Monday, June 27, 2011

You can't make this stuff up ...

I never expected to encounter a sentence like: "Genetically Engineered Cell Shoots Out First-Ever Biological Laser." 

Do cellular lasers sound trivial? They're not. Consider:
Aside from implying the future possibility of a self-healing laser that requires no battery, this breakthrough could allow doctors and scientists to view the inner workings of individual cells without a microscope. 
I instantly thought of an application not mentioned in the article: laser-based communications among medical nanobots. Visible light spans the wavelengths from about 380 to 780 nanometers -- while cells (and cell-sized machines, once we have them) are of the scale several thousand nanometers. Had cell-based lasers been thought possible a few years ago, I might well have used them for the nanobots in Small Miracles. (Instead I used chemical signaling -- just as natural cells do.)

The next topic is scary, but the headline is ironic: "LightSquared Network Faces Interference of Its Own Making."

LightSquared is a company in the process of deploying a national-scale Internet service reliant on satcom. Their business plan calls for reselling bandwidth to retailers (e.g., Best Buy) and telecom carriers (e.g., Sprint Nextel). The problem: the LightSquared network as proposed will interfere with GPS receivers! The FCC sent LightSquared back to the drawing board. In a matter of days, LightSquared announced plans to change the frequencies they will use. Big money is at stake -- in both telecom and GPS industries -- so this mess will be interesting to watch. (I like my GPS receiver. I hope no one messes it up.)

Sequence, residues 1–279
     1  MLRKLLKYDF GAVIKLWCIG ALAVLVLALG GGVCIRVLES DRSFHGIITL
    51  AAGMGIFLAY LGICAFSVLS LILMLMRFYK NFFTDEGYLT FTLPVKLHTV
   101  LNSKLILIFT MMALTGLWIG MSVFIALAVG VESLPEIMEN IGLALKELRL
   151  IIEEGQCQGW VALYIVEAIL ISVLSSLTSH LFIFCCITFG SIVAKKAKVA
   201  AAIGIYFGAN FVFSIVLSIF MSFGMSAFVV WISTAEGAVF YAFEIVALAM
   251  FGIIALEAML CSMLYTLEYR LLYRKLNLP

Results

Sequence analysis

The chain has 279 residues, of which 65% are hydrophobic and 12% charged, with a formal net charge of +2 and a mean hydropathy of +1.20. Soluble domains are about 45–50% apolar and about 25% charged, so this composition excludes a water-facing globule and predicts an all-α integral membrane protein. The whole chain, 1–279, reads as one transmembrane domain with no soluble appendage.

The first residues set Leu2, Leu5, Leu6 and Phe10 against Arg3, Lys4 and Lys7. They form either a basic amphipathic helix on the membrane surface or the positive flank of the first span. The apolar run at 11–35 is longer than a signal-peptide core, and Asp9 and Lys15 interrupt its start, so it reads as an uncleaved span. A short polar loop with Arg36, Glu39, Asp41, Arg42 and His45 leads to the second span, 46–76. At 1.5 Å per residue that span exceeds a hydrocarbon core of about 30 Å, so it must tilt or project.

Meanwhile, the World Health Organization has decided that cell phones "may" cause cancer. To which the Wall Street Journal opines: "The U.N. promotes a needless cancer scare." Consider:
Some facts might help here. While cell phone use has surged since the 1980s, both the incidence and mortality rate for brain and other central nervous system cancers in the U.S. have fallen slightly. About 22,000 Americans were diagnosed with brain tumors in 2010, in a country of 270 million mobile phone users.
AFAIK, the wavelengths used by cellphones are of the wrong wavelength to directly damage cells. (The mechanism presumed by those who see a cancer/cellphone link is heating. Is anyone on the phone long enough to heat their brain with their cell phone?)

To end on a cheerier note (and moving away from cells of all kinds), consider this list of  "10 Sci-Fi Predictions That Came True." These are significant predictions that Verne, Twain, Wells, and other quite-a-while-ago writers got essentially right.


Erik said...

Well those laser cells are pretty cool. I guess they shoot the lasers out in all directions, so they could be used for communication. I bet there are a million applications, and am wondering if these things would cause damage if deployed inside a living organism.

Edward M. Lerner said...

My guess is as long as the laser is biochemically powered (i.e., very limited in its output), it won't produce enough light energy to harm nearby cells.

- Ed